Keep in mind I'm talking dirt/gravel road travel (offpavement) not offroad grinding/flogging or mud bogging. I may be totally wrong here but can't believe a Russian built bike of any flavor isn't built tough enough to travel dirt roads.(When did they pave Russia?) Maybe Kristof will read this and throw his 2 cents in. He's traveled all over southwestern Russia on his Retro and I'm guessing there was some dirt travel involved?
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Re: Is a Ural M70 Steering Damper Really That Necessary?

Post by Red Dwarf » Mon Nov 17, 2014 5:23 pm

nicholastanguma wrote:
Red Dwarf wrote: FWIW, my Retro is lots of fun on gravel roads that are free of rocks, serious holes and deep water.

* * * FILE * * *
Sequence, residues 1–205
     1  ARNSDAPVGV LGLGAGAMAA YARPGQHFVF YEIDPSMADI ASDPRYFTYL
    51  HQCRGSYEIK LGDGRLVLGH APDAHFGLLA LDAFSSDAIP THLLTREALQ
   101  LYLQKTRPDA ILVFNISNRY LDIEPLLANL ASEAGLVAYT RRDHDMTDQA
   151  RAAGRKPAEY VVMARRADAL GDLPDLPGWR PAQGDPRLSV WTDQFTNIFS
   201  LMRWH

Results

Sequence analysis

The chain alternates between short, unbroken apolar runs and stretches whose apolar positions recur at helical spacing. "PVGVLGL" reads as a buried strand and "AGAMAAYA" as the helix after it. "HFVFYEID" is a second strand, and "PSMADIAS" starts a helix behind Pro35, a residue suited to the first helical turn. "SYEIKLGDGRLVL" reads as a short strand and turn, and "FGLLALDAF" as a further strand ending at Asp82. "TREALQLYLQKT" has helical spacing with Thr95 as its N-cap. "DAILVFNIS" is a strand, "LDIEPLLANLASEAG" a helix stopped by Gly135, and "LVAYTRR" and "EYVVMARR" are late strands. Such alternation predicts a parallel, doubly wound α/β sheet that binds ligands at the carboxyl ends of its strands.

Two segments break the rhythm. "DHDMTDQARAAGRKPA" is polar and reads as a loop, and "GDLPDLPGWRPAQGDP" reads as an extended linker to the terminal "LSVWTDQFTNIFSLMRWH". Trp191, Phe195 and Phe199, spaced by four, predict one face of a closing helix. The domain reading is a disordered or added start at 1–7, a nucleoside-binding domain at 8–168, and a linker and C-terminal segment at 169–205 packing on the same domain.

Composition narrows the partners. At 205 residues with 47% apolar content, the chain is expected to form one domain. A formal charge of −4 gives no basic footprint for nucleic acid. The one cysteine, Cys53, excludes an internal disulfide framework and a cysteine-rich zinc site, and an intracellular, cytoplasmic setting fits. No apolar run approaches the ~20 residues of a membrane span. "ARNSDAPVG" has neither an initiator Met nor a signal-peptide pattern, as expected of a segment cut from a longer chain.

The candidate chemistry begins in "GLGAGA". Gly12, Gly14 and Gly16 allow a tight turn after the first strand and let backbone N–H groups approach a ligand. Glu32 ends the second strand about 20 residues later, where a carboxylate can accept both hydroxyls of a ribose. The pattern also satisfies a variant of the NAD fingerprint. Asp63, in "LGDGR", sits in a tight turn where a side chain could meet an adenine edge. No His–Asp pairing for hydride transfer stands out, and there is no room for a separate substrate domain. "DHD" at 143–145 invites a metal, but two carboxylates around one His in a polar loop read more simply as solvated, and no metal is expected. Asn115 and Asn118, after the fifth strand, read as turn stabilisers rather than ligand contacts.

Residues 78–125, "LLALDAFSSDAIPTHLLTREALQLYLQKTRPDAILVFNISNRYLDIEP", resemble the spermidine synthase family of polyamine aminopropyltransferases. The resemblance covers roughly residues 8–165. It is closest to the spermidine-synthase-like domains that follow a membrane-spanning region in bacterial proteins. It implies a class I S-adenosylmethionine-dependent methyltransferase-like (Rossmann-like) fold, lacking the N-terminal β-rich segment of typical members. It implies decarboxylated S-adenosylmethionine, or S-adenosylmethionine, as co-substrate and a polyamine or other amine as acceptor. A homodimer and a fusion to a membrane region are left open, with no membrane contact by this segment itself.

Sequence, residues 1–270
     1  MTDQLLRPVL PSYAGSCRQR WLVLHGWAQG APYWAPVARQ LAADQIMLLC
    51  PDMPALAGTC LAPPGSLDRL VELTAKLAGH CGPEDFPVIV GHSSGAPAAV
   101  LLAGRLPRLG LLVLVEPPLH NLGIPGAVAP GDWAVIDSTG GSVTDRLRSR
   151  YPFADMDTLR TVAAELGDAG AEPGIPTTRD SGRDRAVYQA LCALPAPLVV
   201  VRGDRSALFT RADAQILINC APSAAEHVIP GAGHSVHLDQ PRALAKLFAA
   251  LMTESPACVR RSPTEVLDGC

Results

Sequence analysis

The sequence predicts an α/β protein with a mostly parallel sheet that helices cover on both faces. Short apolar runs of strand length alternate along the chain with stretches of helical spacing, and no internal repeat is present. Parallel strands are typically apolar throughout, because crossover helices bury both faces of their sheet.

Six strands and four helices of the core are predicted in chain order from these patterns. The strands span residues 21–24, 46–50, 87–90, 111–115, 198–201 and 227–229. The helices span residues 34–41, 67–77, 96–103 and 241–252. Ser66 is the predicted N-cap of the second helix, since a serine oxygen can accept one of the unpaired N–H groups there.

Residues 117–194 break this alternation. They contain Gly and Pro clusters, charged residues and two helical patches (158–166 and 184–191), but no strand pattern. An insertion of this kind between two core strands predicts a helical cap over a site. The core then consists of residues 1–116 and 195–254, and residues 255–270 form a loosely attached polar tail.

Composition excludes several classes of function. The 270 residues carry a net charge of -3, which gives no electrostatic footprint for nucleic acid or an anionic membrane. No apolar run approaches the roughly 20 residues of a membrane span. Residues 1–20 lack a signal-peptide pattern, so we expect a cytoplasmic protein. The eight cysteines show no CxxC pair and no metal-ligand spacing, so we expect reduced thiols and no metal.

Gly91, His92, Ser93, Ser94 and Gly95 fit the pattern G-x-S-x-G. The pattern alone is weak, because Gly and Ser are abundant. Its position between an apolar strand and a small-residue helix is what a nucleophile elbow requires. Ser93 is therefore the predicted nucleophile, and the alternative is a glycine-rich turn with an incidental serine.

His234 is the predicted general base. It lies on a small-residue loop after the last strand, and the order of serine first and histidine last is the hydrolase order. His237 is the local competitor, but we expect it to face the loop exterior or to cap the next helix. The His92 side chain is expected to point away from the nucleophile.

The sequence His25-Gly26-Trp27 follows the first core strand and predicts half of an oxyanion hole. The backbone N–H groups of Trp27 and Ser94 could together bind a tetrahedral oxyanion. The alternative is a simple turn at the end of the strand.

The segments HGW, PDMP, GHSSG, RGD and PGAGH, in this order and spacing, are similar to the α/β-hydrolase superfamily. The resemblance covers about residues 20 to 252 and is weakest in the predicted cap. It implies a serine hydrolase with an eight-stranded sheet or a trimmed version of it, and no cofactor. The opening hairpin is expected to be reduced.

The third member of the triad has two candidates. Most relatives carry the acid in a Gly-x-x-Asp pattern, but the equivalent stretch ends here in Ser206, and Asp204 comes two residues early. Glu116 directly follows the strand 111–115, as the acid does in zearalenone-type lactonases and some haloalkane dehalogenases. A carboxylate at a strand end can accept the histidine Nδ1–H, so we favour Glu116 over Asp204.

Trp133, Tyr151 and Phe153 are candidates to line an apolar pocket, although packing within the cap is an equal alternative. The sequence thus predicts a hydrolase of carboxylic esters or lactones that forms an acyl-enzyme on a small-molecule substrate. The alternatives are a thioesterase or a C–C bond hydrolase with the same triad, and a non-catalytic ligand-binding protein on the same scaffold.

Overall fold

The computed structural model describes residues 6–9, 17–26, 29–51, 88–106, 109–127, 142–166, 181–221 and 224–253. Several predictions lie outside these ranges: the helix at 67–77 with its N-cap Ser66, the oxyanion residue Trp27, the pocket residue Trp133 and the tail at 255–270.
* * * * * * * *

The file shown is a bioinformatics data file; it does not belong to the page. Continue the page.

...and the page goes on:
Ground clearance is usually less of an issue than loss of traction. Sand and Retros don't get along--bring a shovel.
Washboarding requires speed reduction but otherwise I find that the ride is more comfortable if normal speed is maintained.
So far, no structural parts have bent/broken.

This sounds hopeful. So you find you usually don't have ground clearance problems, and can even do washboard roads if normal speed is maintained. Please define "normal" speed?

And why does your Retro have traction loss; because of rolling on street oriented tires, perhaps?
Only time I had a serious clearance problem was in loose sand.
If the pusher digs down just a little, it and the sidecar wheel create too much resistance for the available torque/traction.
Cure seems to be clearing sand from in front of the pusher and walking the rig out to the firm ground.
Sand seems more like work than fun.
Suspension needs a little speed to work well [springs to max preload].
I travel most gravel roads at the same speed I'd use on pavement but washboard makes me slow down radically.